The Speed Twin does have a lighter clutch in comparison and shifting is super smooth. I had a small issue with the r-nine-t shifter during my test ride. It was a brand new demo (only 1 mile on it), which would likely need adjusting at the lever by 1-2 splines - nothing major. The r-nine-t feels more nimble at slower parking lot type speeds and very confidence inspiring due the lower center of gravity. It made turning from stop lights and stop signs a breeze and a pleasure. Even though it was a demo, I did not want to wring it out too much and remained respectful of it being a brand new bike. I rode it like I was going to buy that specific bike. The boxer engine vibration at standstill is different and during revving. Not bad in any way, just different. I came away from the demo ride thinking the r-nine-t is different enough from the Speed Twin to justify having both. I would not want to part with my Speed Twin and will likely be a keeper. It is just shy of 600 miles and getting smoother and revving more freely each day. Hopefully, I will get to add the r-nine-t and hope it becomes a keeper too.
 

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I picked up my r-nine-t/5 today and the 25 miles from the dealer to home was wonderful getting to know it. The sun was shining and this was the warmest day this season so far. The /5 felt more comfortable to me than the classic I demoed. The /5 also seems to sit a little lower than the classic, which is welcomed for my 29-30" inseam.
Now with both the /5 and my Triumph Speed Twin to choose from to ride, it will be interesting which one will get saddle time and when. While I feel fortunate to have both of these bikes, I feel even more fortunate that my wife helped to make it happen.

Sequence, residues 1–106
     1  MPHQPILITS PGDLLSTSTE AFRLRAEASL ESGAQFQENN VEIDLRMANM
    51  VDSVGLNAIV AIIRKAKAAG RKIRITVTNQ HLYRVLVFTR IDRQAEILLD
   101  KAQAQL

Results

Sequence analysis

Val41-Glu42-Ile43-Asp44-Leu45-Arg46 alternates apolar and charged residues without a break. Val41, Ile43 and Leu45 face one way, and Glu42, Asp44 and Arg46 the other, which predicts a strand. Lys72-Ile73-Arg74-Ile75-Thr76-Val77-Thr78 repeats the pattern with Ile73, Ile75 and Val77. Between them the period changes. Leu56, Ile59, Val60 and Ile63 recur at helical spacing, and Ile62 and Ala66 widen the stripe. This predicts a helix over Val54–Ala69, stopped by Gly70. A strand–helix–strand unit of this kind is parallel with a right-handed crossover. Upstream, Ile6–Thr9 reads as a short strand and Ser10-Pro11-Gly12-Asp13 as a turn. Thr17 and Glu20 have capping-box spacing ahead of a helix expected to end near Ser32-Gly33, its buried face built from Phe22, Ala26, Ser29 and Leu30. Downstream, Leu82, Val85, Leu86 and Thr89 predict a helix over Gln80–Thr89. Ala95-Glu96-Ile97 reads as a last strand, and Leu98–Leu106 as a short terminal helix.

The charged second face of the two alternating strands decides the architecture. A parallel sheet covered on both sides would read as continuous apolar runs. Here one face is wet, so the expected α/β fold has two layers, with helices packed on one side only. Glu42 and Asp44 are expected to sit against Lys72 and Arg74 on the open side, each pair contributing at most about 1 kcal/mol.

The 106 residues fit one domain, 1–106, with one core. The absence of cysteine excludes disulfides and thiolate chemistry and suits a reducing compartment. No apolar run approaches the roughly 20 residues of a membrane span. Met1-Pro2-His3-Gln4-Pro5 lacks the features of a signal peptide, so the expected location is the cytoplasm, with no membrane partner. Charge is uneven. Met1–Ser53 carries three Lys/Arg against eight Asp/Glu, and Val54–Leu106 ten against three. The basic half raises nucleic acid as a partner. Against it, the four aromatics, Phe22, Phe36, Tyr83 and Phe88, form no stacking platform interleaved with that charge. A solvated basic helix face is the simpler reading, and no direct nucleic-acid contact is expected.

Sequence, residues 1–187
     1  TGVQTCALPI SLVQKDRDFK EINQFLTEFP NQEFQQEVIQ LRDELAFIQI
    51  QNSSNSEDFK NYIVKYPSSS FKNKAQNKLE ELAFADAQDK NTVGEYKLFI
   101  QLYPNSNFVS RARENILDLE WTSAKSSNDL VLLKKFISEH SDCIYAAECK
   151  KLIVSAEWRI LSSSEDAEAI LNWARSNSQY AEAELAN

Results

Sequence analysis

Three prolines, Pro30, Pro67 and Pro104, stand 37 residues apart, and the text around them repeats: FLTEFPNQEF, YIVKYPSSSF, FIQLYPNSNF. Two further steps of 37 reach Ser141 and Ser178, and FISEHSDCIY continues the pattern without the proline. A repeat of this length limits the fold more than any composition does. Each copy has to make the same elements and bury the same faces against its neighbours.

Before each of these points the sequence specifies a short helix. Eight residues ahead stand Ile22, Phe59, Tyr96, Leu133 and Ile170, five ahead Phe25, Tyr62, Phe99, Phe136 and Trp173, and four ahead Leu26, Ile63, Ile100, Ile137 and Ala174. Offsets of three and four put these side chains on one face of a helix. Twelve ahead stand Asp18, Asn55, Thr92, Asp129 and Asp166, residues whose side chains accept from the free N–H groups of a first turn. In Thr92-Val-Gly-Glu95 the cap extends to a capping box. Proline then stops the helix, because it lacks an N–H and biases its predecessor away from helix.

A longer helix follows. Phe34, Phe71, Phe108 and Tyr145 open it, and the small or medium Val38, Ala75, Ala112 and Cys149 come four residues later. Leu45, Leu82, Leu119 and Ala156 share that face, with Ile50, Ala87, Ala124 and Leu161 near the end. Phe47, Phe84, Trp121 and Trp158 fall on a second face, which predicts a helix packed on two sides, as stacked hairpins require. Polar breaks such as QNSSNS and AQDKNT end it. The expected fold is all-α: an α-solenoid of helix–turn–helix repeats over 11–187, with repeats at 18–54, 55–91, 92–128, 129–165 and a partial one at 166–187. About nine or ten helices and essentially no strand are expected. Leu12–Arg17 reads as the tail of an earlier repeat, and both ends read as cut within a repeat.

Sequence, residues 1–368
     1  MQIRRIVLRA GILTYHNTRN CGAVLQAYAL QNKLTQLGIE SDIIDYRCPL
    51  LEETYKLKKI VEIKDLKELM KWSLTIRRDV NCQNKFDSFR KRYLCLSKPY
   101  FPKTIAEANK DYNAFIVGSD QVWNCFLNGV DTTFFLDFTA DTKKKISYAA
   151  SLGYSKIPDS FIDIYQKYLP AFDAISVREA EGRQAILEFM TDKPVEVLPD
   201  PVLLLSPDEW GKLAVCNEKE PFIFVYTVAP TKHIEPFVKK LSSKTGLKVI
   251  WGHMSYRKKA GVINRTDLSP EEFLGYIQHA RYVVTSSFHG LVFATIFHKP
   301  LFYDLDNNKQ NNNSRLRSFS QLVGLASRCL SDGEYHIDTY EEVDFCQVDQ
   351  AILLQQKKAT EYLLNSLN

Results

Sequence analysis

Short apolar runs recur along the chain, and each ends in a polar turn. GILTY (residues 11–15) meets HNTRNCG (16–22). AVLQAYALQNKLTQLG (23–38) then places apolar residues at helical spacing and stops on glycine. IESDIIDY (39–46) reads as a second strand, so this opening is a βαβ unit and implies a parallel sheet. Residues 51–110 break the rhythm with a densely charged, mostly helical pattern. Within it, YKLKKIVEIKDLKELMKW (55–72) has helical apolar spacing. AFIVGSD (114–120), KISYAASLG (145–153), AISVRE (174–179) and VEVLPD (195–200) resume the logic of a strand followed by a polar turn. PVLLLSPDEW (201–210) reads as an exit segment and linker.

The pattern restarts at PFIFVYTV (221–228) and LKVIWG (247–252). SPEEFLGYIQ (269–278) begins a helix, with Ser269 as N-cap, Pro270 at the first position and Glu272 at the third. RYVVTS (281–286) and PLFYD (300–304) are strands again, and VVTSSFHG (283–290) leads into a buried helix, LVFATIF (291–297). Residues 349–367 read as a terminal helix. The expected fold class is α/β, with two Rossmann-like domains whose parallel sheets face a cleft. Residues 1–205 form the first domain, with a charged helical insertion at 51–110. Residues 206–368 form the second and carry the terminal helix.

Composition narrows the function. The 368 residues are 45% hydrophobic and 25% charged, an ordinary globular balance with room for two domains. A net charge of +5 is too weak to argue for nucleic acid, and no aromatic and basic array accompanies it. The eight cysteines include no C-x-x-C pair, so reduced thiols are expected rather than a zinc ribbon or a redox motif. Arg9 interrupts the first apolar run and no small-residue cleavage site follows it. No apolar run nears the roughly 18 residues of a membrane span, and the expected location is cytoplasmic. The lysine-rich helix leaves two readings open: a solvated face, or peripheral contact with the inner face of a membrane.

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After having the r9t/5 for almost a year now, I can tell you one difference between it and my Triumph Speed Twin - I get more compliments. It's not just thumbs up at traffic lights, people are rolling down their windows and engaging in conversations. The other day while at a stop light, a car ahead of me and one lane to the right, reversed to meet me and rolled down his window. I thought he was going to ask for directions or something, but instead he just wanted to admire the r9t/5 and tell me it was a beautiful bike. I agree with him.
 

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I was in line for a speed twin or so I thought, but then found a year old /5. Instantly fell for it and bought it on the spot. I have no regrets and think that although a more impulsive buy, my intuition seems to bear out that I made the better choice for me overall.
 

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The Speed Twin does have a lighter clutch in comparison and shifting is super smooth. I had a small issue with the r-nine-t shifter during my test ride. It was a brand new demo (only 1 mile on it), which would likely need adjusting at the lever by 1-2 splines - nothing major
do you still feel like the speed twin has a smoother transmission? the tranny in my thruxton r is so clunky in the first 3 gears (up and down), whereas the r nine t is butter smooth for me.
 

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speedm: Both bike transmissions are very smooth to me. My 2012 Triumph Bonneville SE, that I traded in for the r9t/5, was definitely clunky. You could positively feel going into each gear with a firmness that is not there in the Speed Twin or r9t/5.
 

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speedm: Both bike transmissions are very smooth to me. My 2012 Triumph Bonneville SE, that I traded in for the r9t/5, was definitely clunky. You could positively feel going into each gear with a firmness that is not there in the Speed Twin or r9t/5.
that's good to hear. i thought maybe they improved the more recent models but some reviews of the thruxton rs still mention some clunky-ness.